Neither of our rankers think much Barton or O Brother. And neither of them really have a reason for it. It really just comes down to what they like and then filling in the details as to why — or, in many cases, not. I could write several thousand words on why No Country for Old Men is not the masterpiece that people claim. Much of the plot makes little sense. It's more or less The Terminator set in west Texas. But the fact is that the film is everything that it tries to be. That's true of most Coen Brothers films. It's a whole lot better to spend an article talking about why you like Raising Arizona or The Big Lebowski than it is to put together a list that probably changes from year to year anyway.

Afterword: Coen Brothers

For the record, I admire the Coen Brothers, but I'm not a fanatic. I haven't seen all their films. Pretty much, True Grit broke me. After that, it seemed clear that the boys were really not that interested in making innovative films anymore. I'm probably wrong. But I've never made a fetish of the Coen Brothers. They are damned fine filmmakers. And every one of their films I've seen was at least a worthy effort.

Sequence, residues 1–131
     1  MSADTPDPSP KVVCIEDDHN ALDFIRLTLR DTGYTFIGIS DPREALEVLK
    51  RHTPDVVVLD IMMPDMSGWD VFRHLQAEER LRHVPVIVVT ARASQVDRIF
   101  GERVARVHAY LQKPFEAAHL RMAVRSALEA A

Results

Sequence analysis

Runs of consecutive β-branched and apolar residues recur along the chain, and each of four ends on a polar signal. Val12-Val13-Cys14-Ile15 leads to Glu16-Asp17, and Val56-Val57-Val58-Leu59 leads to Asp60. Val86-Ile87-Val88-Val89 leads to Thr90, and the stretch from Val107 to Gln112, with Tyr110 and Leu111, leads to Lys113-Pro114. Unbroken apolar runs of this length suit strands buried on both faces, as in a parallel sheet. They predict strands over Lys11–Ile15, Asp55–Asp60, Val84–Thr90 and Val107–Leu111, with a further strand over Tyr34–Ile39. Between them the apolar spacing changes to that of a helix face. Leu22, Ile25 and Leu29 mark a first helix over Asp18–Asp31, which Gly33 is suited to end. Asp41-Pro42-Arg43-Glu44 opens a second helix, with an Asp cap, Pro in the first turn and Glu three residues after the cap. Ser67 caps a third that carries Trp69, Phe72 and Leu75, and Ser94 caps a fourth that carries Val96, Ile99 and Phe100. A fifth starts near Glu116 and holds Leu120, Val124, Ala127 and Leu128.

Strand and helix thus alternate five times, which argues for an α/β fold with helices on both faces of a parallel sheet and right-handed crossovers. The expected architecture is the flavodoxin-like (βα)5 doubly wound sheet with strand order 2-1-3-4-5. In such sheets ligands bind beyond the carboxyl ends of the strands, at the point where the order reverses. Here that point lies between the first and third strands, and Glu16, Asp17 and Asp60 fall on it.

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Could Sanders Win? Why Is Clinton Whining?!

Hillary ClintonWith Bernie Sanders' better than expected finish in New Hampshire, I decided to go and look at the road ahead. And what I found really confused me. I mean: really. Why the full freak out? Why did Gloria Steinem go off on the youngins? Why is there now apparently a whole industry for psychoanalyzing the youth of today and why they totally don't get it? Because the road ahead looks bad for Sanders in terms of winning the nomination. Really bad. So why so much whining from the Clinton campaign?

Look: I understand that things can get out of hand. I know that Bernie Sanders is going to get a bump because of his win in New Hampshire. But have you looked at the polls in the upcoming states?! They are not good for Sanders. Here are the Real Clear Politics averages for the next few states:

The only one that Sanders has any kind of chance at is Nevada because it is a caucus state and there isn't much polling and it is old. If Sanders does manage to win that, it will look bad for the Clinton campaign. But I just don't see it changing things in Texas and Georgia. I don't see how Bernie manages to win the nomination. The odds are stacked badly against him.

Has Clinton Campaign Harmed Itself?